Little Wolf covered her eyes. Without even looking, she knew what was happening. Wherever a serpent had been speared, a rocky, ridge-like scar appeared on the human who had wounded it.
As the serpents vanished, the scars stayed behind on the people as reminders of what had happened to them when their fear controlled them.
Only Little Wolf was unscarred. Because she had remained calm, she was rewarded. The Creator gave the tips of her long hair a shimmering glow, the same clouds as the inside of an abalone shell!
Abalone Woman, another fantastic book from Teoni Spathelfer, is again illustrated by Natassia Davies. In this story, Little Wolf goes to bed after spending time thinking about the racism and residential school experiences that her mother, White Raven, had endured and which were the focus of White Raven (www.cmreviews.ca/node/2660). In this newest offering, Little Wolf has a dream in which people were collecting food from a beach. While the people are studying a beautiful starfish, the beach is descended upon by serpents. The people are filled with fear and attack and kill the serpents despite Little Wolf’s efforts to have them stop and see that these creatures are also children of the Creator, just like them. The serpents revive and charge at the people. Any human that had attacked a serpent wound up with physical scars from the serpents, scars which remained even after the serpents disappeared. Only Little Wolf was unharmed, but the tips of her hair became coloured. There was a feast held at the big house, and Little Wolf was asked to welcome strange visitors to the big house. Little Wolf was recognized as the one who did not show fear at the creatures and who saw the Creator’s beauty. At this celebration in the big-house, Little Wolf was given a new name, Abalone Woman. Once she wakes up from this dream, Little Wolf notices that she has the same bracelet she was given in her dream, but, this time, it is on her wrist! Abalone Woman happily visited her child’s class to talk about the difficult subject of racism and taught the students to be proud of their heritage and culture in the hope of helping these children grow up with an attitude of appreciation and acceptance of differences.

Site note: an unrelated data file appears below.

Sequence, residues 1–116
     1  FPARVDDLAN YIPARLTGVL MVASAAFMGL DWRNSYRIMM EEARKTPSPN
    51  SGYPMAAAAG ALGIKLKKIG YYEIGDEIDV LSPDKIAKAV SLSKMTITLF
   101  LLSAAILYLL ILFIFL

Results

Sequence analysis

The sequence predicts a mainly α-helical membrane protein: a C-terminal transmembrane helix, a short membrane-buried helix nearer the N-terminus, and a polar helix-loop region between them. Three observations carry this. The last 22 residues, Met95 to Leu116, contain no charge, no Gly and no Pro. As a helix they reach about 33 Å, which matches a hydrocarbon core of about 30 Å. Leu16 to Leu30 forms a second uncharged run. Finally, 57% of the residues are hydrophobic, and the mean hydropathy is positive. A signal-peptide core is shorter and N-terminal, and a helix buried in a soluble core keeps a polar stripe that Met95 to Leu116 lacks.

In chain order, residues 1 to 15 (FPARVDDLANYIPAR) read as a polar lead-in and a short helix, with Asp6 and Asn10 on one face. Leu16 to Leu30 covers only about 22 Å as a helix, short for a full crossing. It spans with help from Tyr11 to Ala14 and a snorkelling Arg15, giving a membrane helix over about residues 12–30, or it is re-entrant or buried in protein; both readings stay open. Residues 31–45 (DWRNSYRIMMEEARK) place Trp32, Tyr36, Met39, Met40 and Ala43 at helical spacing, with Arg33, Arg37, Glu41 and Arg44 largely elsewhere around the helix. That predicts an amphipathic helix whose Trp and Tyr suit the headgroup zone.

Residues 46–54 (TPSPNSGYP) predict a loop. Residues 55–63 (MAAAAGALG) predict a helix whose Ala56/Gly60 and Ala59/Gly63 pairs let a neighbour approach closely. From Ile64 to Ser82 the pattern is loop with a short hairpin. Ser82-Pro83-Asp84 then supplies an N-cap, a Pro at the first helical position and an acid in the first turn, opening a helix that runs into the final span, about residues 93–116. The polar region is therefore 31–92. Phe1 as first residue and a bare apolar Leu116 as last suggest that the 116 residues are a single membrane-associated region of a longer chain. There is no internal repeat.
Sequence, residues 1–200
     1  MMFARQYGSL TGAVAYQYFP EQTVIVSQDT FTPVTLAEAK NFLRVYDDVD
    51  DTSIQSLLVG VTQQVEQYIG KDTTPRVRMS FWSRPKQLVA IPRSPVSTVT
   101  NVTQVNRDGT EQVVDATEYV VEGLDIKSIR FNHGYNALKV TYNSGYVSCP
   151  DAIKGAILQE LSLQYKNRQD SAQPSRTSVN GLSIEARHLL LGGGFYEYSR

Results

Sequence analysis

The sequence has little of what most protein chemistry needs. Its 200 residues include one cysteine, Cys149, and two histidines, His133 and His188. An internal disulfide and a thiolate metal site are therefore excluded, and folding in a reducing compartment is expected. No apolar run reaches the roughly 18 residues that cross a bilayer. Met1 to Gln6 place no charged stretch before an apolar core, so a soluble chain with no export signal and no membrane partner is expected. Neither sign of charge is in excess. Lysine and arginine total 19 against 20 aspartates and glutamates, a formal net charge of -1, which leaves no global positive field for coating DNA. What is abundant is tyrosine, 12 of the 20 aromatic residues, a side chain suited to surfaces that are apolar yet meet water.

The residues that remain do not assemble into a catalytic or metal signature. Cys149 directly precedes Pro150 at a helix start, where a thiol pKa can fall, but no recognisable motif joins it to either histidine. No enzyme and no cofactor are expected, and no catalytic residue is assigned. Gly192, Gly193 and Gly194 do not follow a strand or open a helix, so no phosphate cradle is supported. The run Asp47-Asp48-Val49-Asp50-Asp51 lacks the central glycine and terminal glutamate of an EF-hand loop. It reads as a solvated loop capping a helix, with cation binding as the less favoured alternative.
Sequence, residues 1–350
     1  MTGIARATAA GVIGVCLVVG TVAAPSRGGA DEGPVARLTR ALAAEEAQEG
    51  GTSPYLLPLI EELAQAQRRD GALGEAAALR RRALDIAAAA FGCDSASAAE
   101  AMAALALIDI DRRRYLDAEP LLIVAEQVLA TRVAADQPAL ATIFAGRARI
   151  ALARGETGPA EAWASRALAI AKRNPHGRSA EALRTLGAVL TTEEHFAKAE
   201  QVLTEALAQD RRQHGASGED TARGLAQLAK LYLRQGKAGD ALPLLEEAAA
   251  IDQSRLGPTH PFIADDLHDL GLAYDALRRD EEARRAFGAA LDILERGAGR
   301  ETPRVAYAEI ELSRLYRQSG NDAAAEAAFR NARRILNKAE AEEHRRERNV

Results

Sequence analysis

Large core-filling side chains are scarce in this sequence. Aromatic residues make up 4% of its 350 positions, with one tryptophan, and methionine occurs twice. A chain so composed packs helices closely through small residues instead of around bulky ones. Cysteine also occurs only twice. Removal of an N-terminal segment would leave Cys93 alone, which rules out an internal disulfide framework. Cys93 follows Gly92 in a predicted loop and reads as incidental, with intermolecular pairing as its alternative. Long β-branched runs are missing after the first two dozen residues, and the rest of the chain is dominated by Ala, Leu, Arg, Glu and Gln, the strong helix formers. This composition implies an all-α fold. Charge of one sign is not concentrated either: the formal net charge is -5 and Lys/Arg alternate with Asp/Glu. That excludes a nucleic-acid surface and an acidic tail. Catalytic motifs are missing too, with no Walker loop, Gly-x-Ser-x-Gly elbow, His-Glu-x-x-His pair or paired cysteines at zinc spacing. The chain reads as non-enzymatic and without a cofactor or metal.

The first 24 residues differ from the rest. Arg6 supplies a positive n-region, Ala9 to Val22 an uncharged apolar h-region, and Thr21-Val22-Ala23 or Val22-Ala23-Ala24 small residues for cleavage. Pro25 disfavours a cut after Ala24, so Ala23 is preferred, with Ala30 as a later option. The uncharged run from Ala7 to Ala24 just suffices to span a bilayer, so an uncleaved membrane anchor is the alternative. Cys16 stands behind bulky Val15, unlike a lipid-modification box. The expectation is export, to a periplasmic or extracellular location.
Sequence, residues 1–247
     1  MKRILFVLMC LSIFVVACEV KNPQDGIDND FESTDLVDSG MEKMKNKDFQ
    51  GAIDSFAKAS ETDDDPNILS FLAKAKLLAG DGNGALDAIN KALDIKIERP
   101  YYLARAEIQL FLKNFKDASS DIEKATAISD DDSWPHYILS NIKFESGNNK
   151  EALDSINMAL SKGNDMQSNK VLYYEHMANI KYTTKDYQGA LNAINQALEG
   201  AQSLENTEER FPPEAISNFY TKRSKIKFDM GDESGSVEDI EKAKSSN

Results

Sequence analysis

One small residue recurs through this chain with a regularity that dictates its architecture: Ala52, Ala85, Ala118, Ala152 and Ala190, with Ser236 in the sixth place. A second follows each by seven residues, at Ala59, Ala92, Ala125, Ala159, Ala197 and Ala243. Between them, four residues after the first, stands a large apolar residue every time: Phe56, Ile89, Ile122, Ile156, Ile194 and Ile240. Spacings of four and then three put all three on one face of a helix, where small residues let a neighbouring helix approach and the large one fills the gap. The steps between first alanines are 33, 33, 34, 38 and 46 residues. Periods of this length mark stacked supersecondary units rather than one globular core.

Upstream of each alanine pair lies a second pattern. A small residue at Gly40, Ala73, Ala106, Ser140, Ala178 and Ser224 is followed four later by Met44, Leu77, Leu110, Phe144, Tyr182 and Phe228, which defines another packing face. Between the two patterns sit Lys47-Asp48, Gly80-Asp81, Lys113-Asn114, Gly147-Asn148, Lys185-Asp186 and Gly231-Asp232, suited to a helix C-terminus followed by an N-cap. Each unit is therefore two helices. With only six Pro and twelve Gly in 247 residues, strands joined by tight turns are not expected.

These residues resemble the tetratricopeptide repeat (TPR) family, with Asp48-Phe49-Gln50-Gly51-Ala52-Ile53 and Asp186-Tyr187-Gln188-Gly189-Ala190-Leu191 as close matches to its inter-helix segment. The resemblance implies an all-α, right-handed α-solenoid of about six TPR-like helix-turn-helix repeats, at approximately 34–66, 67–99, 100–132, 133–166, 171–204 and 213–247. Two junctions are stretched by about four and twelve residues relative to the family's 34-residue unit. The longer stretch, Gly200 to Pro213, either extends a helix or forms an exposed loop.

There is something magical about Teoni Spathelfer’s stories. Her stories are amazing in their ability to so simply share human traits to be kind and caring to others while also pointing out injustice and the path forward. Abalone Woman is challenging to read but also healing. To read these stories is to take a trip to the past that we don’t want to visit and to return to the present where we can make a difference. I cannot overstate how important these stories and illustrations are.
John Dryden is a teacher-librarian in the Cowichan Valley, British Columbia.